There are changes afoot in the way web traffic flows. It seems likely that we are heading towards a change of protocol, probably to HTTP/2, with the intention of increasing security.Posted on 23 March 2015 - Security
There are changes afoot in the way web traffic flows. It seems likely that we are heading towards a change of protocol, probably to HTTP/2, with the intention of increasing security.
For those who are unaware, HTTP/2 is a protocol that has been designed with encryption at its heart. In fact, so central is encryption to HTTP/2 that early drafts of the Internet Engineering Task Force’s Request for Comments (RFC) on the topic suggested that Transport Layer Security (TLS) cryptography - the successor to Secure Sockets Layer (SSL) - would be mandatory within HTTP/2.
This proved unworkable and the situation has now been softened so that TLS is now considered optional, although the Chrome and Firefox browsers have both committed to employing TLS by default. The end result looks likely to be a increased lack of visibility when it comes to inspecting traffic.
Cryptography is not the only challenge current inspection technologies will face. HTTP/2 uses binary encoding, which will mean an end to the paradigm of scrutinising the ASCII payload contained within http frames.
As most network engineers are aware, the much beloved Wireshark has already addressed this particular issue, but it’s doubtful some of the current hardware can programmatically decode the stream without some financial expenditure.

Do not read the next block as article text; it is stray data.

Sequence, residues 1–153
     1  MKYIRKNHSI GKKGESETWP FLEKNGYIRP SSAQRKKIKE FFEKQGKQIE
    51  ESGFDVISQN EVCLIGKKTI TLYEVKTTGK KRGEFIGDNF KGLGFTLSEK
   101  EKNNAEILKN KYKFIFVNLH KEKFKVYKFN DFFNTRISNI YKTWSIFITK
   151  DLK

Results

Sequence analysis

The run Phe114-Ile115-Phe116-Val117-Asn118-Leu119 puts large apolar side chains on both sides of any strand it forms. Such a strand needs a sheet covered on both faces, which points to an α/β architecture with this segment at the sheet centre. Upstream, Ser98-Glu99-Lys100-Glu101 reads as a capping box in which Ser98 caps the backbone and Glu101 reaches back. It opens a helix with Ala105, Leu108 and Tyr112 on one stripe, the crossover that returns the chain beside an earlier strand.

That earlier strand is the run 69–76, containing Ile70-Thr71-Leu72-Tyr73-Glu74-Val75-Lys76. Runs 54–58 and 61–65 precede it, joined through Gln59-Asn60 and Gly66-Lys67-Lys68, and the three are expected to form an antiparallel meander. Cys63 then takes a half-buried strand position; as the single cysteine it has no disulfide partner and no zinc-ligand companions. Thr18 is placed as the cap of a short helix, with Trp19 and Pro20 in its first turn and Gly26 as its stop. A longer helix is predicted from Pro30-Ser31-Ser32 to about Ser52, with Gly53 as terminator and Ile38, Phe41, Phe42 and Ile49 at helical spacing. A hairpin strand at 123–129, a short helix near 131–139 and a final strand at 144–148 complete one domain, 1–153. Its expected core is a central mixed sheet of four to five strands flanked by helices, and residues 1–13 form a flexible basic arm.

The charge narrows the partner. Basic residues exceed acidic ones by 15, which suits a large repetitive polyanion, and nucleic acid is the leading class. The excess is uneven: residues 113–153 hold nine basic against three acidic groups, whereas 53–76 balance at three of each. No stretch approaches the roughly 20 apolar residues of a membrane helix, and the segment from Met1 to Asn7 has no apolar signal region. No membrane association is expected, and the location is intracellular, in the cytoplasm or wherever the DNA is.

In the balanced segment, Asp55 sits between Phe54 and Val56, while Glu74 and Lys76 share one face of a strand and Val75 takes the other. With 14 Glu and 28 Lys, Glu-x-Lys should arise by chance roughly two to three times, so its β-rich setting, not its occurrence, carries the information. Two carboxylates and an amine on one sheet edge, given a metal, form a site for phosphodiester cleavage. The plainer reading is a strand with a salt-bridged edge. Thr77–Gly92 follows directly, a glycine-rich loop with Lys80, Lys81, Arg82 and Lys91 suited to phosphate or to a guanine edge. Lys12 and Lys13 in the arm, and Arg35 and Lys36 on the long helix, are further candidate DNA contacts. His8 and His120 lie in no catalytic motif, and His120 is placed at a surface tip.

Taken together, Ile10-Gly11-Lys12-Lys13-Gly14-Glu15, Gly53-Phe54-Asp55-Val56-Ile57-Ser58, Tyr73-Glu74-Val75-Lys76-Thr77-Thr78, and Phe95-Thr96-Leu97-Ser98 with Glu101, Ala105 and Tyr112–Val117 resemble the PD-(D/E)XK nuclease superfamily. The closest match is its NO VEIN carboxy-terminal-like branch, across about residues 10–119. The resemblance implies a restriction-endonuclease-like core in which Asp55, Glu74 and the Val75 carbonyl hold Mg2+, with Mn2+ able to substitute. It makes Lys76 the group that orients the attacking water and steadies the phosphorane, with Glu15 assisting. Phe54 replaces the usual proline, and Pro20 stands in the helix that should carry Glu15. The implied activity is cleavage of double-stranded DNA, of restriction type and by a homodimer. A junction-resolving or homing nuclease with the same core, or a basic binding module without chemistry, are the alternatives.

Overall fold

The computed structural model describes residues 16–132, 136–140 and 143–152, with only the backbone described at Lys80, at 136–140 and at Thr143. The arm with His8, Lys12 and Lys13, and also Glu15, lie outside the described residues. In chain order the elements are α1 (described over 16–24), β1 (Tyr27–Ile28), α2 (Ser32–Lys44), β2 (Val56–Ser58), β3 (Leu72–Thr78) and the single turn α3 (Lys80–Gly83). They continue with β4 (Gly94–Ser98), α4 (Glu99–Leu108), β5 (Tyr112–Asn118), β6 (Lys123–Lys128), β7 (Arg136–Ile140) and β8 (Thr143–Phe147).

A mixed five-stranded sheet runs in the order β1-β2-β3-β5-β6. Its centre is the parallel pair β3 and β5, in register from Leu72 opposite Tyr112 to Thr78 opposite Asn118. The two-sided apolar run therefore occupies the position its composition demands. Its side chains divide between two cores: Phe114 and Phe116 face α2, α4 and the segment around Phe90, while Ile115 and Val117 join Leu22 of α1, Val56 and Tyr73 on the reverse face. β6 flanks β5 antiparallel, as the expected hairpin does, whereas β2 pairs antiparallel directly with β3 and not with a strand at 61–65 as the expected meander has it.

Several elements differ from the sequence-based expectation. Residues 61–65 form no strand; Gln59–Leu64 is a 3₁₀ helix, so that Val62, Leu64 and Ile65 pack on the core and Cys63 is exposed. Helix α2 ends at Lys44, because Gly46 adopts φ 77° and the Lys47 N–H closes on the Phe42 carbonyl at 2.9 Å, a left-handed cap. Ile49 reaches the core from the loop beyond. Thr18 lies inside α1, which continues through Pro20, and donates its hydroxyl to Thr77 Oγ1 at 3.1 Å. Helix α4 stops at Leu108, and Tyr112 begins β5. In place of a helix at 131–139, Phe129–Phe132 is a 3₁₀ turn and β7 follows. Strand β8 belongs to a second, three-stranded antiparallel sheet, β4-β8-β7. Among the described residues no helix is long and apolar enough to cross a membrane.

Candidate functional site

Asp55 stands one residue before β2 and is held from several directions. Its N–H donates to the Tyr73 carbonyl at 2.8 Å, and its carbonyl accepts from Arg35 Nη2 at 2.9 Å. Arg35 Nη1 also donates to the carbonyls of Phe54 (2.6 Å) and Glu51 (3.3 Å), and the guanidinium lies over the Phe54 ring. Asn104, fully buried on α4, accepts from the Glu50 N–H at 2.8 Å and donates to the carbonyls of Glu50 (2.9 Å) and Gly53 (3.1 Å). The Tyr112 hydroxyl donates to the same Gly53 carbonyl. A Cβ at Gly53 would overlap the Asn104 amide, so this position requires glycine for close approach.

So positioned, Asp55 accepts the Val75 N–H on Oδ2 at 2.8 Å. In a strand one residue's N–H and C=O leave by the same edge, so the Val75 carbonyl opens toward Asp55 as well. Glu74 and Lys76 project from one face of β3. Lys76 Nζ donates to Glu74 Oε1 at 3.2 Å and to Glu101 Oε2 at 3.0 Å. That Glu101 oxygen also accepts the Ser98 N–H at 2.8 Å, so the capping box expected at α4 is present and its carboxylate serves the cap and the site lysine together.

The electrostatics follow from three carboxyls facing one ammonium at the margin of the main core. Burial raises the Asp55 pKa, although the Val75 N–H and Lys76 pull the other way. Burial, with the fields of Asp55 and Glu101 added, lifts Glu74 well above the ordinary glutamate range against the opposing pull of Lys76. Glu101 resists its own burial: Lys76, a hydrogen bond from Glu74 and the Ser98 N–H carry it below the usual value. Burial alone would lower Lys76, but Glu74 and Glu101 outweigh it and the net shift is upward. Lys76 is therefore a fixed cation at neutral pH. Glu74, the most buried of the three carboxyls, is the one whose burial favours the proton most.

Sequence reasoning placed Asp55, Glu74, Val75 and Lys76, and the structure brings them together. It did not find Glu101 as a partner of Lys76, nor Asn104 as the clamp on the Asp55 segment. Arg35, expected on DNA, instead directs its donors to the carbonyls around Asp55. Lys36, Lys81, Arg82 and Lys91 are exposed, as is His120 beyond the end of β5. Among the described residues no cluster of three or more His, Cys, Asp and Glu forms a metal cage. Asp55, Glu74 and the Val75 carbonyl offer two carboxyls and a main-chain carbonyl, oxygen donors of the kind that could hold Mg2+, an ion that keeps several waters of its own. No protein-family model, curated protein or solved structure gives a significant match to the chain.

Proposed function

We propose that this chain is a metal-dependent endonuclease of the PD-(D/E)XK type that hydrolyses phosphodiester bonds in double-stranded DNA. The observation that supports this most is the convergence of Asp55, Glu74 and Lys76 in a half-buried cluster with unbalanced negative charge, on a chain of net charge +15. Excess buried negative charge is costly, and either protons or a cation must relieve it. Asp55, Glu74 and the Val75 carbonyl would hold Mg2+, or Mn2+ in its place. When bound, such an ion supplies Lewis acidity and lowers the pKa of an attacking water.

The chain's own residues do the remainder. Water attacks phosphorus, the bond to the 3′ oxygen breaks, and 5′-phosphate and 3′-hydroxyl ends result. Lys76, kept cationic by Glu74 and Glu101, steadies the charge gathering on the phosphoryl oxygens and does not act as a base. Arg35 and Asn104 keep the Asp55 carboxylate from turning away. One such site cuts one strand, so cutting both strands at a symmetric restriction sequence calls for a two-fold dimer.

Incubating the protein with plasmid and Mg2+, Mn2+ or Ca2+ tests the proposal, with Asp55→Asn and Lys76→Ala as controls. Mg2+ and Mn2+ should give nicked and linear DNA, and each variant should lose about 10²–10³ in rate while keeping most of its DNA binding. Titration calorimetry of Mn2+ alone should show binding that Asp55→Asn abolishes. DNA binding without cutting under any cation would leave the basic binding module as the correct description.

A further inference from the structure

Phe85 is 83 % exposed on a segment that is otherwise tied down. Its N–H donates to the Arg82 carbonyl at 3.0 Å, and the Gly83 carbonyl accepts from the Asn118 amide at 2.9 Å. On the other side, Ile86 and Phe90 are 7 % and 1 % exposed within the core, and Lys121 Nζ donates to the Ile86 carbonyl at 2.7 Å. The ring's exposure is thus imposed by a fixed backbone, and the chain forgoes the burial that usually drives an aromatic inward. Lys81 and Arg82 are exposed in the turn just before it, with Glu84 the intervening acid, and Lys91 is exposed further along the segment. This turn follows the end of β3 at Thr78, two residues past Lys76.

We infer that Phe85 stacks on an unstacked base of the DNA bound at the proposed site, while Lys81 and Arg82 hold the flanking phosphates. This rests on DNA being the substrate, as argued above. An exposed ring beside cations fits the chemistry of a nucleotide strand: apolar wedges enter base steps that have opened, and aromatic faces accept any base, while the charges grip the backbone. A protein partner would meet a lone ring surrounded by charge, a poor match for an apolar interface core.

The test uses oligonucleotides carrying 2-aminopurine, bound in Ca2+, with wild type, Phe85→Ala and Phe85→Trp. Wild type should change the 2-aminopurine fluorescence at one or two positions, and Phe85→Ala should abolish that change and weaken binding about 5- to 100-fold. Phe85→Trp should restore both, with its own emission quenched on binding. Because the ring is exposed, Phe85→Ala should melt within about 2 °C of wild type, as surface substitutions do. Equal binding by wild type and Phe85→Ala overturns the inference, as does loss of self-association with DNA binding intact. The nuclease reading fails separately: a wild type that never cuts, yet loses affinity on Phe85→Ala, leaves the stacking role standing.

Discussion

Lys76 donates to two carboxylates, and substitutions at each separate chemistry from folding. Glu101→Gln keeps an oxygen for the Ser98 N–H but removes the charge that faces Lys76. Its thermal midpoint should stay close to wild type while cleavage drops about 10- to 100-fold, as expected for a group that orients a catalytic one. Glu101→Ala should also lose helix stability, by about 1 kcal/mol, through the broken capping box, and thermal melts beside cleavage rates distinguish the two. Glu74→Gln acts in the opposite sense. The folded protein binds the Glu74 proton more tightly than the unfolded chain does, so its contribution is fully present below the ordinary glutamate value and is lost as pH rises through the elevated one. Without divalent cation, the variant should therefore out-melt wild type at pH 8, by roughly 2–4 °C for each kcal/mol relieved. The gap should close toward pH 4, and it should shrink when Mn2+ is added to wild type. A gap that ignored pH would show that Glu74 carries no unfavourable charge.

The lack of traffic visibility is not entirely new. After all, https blinds a lot of deep packet inspection (DPI) methods (unless the private key is supplied). But browser traffic using HTTP/2 will be able to flow unhindered by current DPI methods.
For example, a typical use of DPI would be to look for sql injection with ASCII strings such as “=%27” or some sql statement such as “1' or '1' = '1 “. However, as we’ve already established, with HTTP/2 the ASCII is binary encoded and encrypted and such inspection methods would be rendered useless.
This will leave CIOs, IT managers and administrators with a very tricky question: if I want to make sure this traffic is not a threat, am I really going to break the encryption to inspect the contents to make sure?
Aside from the ethical questions this poses for some sectors and businesses, it is opening up a can of worms from a security standpoint.
In effect, HTTP/2 adds extra layers of security due to the recent increase in practice and media coverage of cyberattacks. This undoubtedly represents a significant improvement for the end user in terms of securing their information. Yet the use of end-to-end encryption also blinds the mechanisms that administrators and engineers have put in place to maintain security.
So, in order to make sure that nothing is slipping through under the radar with the help of HTTP/2’s encryption, network administrators are faced with a stark choice: reap the benefits of HTTP/2 at the cost of 'going dark' or decide to not support this new protocol to maintain a paradigm in which they have much invested.
No prizes for guessing where malevolent actors will focus their attacks.